Brazil has entered countdown mode. With the World Soccer Cup less than six months away, the country’s largest cities are rushing to complete the construction of stadiums and have it all ready by June 12, when one of the world's biggest sporting events begins. The number of people needed to make deadlines is greater than first calculated, and thus, the demand for migrant workers and their cheap wages has escalated.

Since early December, when it first was reported that there were delays in the construction of stadiums, companies responsible for the building of stadiums began recruiting Haitian workers to keep schedule and budget.

Construction firm Mendes Junior Engenharia SA (BVMF:MEND6), which is building 12 of the stadiums, has brought in more than 100 workers from the Caribbean country to help complete the Arena Pantanal in Cuiaba, in central Brazil, reported Bloomberg. At the Arena da Baixada stadium site, in the coastal town of Curitiba, 65 of the 1,000 workers are from Haiti, and they labor under a blazing sun in precarious conditions.

These are just a small number, according to estimations by the Curitiba construction workers' union Sintracon. The union told Spanish newspaper El País that every week, around 15 Haitians go to it to denounce low wages, lack of safety and the precariousness of accommodations. “The lucky ones are hired by large companies with resources,” said Domingos Davide, president of Sintracon. “The problems are not with the stadiums or the job, [it] is with the smaller companies” that subcontract the work.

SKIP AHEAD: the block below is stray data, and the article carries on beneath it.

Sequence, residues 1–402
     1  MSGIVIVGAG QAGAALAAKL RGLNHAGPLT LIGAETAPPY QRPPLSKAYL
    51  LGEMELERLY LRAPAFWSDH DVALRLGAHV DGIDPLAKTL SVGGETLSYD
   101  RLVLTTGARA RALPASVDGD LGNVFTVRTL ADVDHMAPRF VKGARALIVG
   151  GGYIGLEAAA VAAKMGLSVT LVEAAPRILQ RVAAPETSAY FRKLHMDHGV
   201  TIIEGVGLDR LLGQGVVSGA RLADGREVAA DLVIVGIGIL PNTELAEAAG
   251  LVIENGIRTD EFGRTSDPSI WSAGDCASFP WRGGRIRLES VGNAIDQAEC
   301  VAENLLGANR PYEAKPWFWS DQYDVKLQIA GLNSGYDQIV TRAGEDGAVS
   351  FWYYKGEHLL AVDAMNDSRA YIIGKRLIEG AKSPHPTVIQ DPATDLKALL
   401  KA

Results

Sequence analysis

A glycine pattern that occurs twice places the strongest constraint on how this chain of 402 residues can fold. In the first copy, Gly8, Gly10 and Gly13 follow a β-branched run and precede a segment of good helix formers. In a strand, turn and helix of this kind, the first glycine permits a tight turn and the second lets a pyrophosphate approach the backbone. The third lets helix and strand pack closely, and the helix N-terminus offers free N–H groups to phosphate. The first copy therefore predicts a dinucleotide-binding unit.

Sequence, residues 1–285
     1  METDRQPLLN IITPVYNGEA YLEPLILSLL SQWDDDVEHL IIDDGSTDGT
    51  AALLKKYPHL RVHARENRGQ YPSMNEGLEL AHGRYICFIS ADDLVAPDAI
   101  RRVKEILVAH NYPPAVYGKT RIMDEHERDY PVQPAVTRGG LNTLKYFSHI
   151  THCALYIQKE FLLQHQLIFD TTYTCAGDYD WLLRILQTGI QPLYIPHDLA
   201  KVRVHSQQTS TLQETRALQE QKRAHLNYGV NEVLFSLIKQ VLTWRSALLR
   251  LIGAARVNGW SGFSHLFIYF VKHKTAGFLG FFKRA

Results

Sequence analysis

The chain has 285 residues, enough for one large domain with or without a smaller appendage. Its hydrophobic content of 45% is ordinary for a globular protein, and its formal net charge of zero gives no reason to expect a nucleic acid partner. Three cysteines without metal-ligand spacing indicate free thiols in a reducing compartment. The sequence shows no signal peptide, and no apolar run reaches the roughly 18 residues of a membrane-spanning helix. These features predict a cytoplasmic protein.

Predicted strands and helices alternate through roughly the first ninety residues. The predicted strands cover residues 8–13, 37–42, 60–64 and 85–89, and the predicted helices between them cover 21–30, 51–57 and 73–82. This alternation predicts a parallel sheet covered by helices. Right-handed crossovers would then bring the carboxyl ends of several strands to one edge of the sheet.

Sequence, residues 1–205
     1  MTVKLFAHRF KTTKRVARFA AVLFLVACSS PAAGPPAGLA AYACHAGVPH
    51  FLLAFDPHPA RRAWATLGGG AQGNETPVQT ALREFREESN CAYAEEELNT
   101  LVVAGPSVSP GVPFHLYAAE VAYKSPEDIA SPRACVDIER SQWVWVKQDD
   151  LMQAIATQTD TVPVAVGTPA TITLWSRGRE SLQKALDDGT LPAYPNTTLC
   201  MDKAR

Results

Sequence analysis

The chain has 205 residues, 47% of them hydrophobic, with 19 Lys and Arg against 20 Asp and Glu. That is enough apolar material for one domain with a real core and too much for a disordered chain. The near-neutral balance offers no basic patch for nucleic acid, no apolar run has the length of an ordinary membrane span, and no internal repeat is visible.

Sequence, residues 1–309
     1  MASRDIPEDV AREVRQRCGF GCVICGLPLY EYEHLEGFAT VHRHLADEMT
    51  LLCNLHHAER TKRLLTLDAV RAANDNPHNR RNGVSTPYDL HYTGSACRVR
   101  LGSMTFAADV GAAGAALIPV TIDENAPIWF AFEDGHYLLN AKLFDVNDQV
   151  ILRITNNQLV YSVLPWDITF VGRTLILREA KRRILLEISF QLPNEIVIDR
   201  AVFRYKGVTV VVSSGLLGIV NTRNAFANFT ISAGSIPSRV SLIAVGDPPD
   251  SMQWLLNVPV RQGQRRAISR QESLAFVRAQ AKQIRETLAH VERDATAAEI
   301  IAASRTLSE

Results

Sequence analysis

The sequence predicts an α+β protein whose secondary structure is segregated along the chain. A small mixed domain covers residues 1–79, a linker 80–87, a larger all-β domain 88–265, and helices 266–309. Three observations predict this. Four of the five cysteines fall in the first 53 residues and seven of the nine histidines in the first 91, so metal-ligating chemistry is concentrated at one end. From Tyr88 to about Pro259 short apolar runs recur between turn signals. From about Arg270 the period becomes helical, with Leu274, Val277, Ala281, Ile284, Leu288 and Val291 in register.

According to Davide, urban construction in Brazil is going through a “subcontracting fever.” “Businessmen start a small company, get carried away and then they cannot finish their contracts, or pay their workers,” Davide said.

Yet some workers have no option but to believe the promises. Haiti, the poorest country in the Western Hemisphere, is still trying to get back after the earthquake of 2010 that claimed 220,000 lives and displaced more than 1 million Haitians.

Many of the Haitians who end up emigrating have college degrees, but cannot get them recognized abroad. So they have to resort to manual labor, and travel to far-flung places under horrible conditions. The trip to Brazil, more than 3,000 miles or 5,000 kilometers away, is done in overcrowded buses in the darkest hours of the night, for a price of $2,500.

“We are here to work and to help those we left behind,” said one of the workers at Curitiba. Remittances from emigrants accounted for 20 percent of the Haitian GDP in 2012, according to Index Mundi.

Regardless of the efforts of Haitians, the stadiums' construction is still delayed. Arena Pantanal was supposed to open on Dec. 31, but the latest statement said it would open two months before the first game. Arena da Baixada has yet to announce an opening date.